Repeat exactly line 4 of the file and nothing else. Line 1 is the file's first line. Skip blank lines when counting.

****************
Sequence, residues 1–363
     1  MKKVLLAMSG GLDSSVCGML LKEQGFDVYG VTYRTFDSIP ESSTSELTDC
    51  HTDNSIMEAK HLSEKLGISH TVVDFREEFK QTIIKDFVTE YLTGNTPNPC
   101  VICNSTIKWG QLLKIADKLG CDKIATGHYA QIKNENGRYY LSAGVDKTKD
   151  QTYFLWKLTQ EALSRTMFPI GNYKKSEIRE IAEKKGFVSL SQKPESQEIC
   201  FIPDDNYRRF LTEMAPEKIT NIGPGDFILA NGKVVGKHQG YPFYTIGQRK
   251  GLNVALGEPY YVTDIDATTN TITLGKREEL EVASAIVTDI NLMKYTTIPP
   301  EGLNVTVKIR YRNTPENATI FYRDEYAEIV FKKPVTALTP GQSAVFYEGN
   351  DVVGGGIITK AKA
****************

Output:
   101  VICNSTIKWG QLLKIADKLG CDKIATGHYA QIKNENGRYY LSAGVDKTKD